Ask the Costume Goddess
Ask the Costume Goddess:
How to Make Gauntlets?
by Dina Lydia
Dear Costume Goddess:
Because of my arms (which are not quite as toned as I'd like)
I would love to make a pair of gauntlets out of some leftover
material to match the costume I've made. The problem is, that
even though I've seen other dancers wearing their gauntlets,
I don't really know how they're constructed — except that they
have elastic in the top. Could you let me in on the secrets of
perfect gauntlets. Should I use a zipper in them to close the
seam, or would velcro or hooks be better? Can I make my own pattern?
The material I've chosen is a stretchy velour. I would love
to include fringe and beading on these to match my belt and bra,
but will that make them too heavy?
As an avid sewer as well as a dancer, I've loved your other
tips and have found them incredibly helpful.
--Going Gloveless In Indiana
The Costume Goddess Responds
You bring up some complicated gauntlet issues, and I'll try
to touch on all of them briefly.
I divide arm costuming into two categories: the fitted sleeve
and the drape, which includes various fabric and bead effects
that don't require the construction of a fitted sleeve. (See
Sleeves can be attached to the costume or not. If not attached,
they're called gauntlets and cover the arm like a glove. They
can cover the whole arm, or reach just above or below the elbow.
Very short ones are called cuffs or wristbands.
I don't ever make zippers in my sleeves — it's stiff and bulky,
hard to fasten, and unnecessary. You only need a short opening
big enough to get your hand through, and I fasten this with two
or three buttons and loops, or snaps.
I start with a narrow commercial
sleeve pattern, fit it to my arm perfectly, then use it as a
basic pattern to make all of the above pieces. It may be attached
to the bra or bodice of the costume at top only, or sliced across
the top to become a gauntlet.
The first crucial question is whether your sleeves will be
made of stretchy or non-stretchy fabric. Stretch would be knits
like velour, stretch lace, and mesh. Non-stretch would be wovens
or traditional lace.
If the fabric does not stretch, the sleeve must be cut on
the bias for flexibility, or have extra elbow room in back, which
is darted or eased into the seam.
Lack of elbow room results in a fitted sleeve that's uncomfortable,
tugs and pulls the gauntlet down with every bend of the arm,
which is why you see dancers' gauntlets always slipping down,
even if the elastic is snug.
In fact, I put elbow ease even into my stretchy gauntlets.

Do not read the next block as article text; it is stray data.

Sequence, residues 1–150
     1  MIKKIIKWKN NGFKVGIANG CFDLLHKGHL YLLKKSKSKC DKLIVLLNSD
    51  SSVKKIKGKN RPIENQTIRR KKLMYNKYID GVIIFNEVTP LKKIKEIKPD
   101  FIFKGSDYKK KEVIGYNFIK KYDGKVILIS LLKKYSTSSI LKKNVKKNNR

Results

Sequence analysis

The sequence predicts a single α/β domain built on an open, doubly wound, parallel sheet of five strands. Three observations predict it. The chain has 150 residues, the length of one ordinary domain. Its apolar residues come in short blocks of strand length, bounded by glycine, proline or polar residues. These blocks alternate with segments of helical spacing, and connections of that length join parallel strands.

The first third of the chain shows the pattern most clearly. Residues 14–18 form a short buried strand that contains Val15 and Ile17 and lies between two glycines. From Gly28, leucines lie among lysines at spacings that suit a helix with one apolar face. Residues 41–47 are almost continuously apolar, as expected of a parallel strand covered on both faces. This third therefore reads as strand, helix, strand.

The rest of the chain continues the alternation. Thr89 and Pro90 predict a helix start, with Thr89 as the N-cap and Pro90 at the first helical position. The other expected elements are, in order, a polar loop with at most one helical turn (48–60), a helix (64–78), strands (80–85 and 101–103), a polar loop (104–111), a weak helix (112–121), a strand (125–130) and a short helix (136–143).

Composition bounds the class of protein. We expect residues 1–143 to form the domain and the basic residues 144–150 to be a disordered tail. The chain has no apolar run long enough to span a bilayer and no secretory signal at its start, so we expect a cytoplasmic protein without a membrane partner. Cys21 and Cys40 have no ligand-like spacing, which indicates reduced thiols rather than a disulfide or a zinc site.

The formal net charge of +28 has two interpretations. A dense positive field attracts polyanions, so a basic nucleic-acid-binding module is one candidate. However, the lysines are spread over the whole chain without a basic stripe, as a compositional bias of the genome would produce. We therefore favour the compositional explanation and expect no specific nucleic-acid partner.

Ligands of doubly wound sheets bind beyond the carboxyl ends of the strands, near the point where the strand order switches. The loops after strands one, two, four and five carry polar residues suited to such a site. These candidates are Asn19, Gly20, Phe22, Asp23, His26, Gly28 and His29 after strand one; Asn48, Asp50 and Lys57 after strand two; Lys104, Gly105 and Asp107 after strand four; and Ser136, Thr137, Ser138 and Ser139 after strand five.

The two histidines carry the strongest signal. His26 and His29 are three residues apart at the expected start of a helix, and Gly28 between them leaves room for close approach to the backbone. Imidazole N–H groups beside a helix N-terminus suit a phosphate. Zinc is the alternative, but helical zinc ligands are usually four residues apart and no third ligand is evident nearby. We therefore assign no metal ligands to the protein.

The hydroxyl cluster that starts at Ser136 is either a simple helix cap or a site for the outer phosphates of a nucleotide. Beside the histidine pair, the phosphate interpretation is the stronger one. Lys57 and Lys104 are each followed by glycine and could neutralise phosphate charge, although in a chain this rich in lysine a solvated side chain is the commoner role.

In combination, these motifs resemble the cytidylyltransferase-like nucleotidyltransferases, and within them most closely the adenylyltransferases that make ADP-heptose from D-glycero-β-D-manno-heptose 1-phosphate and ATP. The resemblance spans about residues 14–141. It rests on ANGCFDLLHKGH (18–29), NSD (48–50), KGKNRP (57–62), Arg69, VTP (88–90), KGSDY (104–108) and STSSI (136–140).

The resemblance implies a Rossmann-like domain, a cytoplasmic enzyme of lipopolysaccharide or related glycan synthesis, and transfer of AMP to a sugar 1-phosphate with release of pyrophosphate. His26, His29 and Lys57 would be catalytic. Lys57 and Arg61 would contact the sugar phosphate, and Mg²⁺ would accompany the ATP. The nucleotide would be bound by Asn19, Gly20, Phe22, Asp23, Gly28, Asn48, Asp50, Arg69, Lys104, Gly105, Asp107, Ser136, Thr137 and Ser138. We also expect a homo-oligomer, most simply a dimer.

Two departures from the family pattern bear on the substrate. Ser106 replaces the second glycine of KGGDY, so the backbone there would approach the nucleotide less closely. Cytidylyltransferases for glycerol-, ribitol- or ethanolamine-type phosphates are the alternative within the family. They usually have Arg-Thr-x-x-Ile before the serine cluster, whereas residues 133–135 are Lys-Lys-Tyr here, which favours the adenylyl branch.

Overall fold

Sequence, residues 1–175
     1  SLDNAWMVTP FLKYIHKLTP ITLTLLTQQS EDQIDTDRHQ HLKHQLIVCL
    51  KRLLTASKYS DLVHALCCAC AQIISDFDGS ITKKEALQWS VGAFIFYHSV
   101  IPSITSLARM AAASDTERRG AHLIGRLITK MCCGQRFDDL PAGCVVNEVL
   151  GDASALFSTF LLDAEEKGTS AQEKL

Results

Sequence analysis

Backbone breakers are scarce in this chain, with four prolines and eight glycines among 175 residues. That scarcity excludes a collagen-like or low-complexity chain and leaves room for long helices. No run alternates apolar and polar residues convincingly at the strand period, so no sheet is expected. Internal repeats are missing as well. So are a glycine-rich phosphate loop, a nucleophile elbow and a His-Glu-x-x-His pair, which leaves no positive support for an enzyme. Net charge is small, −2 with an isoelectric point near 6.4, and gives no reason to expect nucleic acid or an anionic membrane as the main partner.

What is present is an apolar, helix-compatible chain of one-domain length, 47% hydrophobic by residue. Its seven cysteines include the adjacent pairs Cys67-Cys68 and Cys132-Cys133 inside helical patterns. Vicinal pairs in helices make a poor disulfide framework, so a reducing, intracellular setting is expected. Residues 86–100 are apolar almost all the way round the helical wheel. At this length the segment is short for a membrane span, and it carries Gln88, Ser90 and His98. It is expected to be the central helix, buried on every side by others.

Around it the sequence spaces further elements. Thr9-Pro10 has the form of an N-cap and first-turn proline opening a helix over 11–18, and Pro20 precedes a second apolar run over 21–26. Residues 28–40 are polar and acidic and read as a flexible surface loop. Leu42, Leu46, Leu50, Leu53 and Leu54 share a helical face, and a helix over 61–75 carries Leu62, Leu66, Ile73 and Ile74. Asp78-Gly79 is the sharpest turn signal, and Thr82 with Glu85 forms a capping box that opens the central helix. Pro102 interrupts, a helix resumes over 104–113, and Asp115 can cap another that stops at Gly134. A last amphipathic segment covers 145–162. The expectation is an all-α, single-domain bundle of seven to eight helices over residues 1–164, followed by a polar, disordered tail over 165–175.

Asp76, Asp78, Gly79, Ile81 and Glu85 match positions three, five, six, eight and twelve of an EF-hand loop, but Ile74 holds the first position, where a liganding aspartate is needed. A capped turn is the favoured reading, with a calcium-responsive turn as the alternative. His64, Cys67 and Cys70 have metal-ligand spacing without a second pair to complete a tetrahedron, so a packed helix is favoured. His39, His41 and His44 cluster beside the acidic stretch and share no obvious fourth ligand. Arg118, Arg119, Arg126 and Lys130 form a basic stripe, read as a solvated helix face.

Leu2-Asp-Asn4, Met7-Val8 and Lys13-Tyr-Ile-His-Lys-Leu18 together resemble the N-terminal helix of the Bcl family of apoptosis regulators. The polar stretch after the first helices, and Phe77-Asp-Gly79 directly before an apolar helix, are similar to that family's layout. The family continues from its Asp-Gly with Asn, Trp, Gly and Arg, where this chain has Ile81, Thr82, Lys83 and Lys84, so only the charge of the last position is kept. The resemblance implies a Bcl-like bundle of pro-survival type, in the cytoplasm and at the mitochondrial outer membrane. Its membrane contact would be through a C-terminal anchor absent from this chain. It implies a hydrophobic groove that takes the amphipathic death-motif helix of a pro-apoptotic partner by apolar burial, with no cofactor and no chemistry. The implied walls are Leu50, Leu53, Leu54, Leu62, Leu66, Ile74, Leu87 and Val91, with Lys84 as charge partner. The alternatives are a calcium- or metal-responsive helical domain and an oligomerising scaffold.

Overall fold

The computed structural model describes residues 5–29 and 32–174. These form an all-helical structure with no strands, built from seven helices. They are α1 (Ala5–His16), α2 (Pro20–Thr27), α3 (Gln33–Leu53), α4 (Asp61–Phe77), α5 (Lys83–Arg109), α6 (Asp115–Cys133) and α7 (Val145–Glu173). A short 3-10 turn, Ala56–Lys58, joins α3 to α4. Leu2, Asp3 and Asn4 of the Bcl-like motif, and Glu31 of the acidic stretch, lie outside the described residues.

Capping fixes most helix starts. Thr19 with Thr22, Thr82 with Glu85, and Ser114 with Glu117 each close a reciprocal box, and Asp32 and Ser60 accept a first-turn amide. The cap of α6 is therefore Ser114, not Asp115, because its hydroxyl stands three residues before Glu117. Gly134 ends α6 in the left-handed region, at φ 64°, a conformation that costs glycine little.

It's more comfortable and the gauntlets are less likely to slip
At one time fitted sleeves often had elbow darts, but it's
difficult to find a pattern like that now, which is why I alter
my basic sleeve pattern as illustrated. I adjust a fitted sleeve
pattern to the proper length (very short, for me) and determine
where my elbow is located. Later you'll try on the sleeve to
make sure this is correct. I slash the back of the pattern as
illustrated, to give it about one inch of extra length for non-stretch,
or a half-inch for stretchy fabric. This extra length can be
eased, darted, or
double-darted into the front side of the seam.
Make two sample sleeves out of cheap fabric, one stretchy
and one non-stretchy. Try them on to check the position of the
elbow, the fit and the length. Use these as your basic pattern.
Slice the top off the sleeve cap as illustrated to make a full-length
off-the-shoulder-sleeve that is tacked to bra strap at the corners
as in the photo.
Click on the photo to the right to see these sleeves in more detail.
I love this style because I never have to be concerned about
it slipping down — one less thing to worry about when performing.
If you prefer gauntlets, cut the sleeve shorter from the top
as illustrated to get the look you want, and add an elastic inside
the edge. I like to make it a separate band that's tacked to
the sleeve edge at three or four points. One can also sew decorative
stretch lace directly onto the edge.
Beads and fringe can weigh the sleeve down and make it difficult
to keep in place. Don't use the thick heavy Egyptian fringe that's
used on the belt. Use a light fringe, scattered strands or tassels,
or just wrist tassels. I'd use the attached style of sleeve or
the below the elbow style of gauntlet. If using mesh, use the
Powernet type that is strong enough to hold the weight of beads.
--The Costume Goddess
Other articles on this web
site related to costuming for the arms include:
About the Costume Goddess
Dina has been sewing for more than twenty-five
years (yes, she started as a toddler!)
She's also an artist (Maryland Institute of Art) and perfected
her sewing techniques apprenticed to various designers, freelancing
for small theaters, restyling vintage garments, and altering
Dina fell in love with belly dancing costumes upon her very
first lesson. Now the pleasure of wearing her own designs, and
seeing others wear them, offers as much pleasure as dancing. She's
become expert as well in altering those troublesome ready-made
Egyptian costumes, and modifying designs to flatter individual
She holds workshops in Seattle to teach design and construction
of cabaret costumes, and analysis of figure characteristics.
She will also give private lessons, or resize or repair a secondhand
costume. She's thus earned her Costume Goddess title.
The Costume Goddess Tells All Costuming Books
Dina has published six books of her own on belly dance costuming
as well as writing nearly all the costuming section for The
Belly Dance Book. For information on her series of books, The Costume Goddess Tells All, see her web site at www.costumegoddess.com.
For reviews here on Shira.net of some of her books, see:
Costume Goddess Photos
To view a photo gallery featuring pictures of Dina, costumes
she has designed, and her friends, either click on the choices below or visit her web site:
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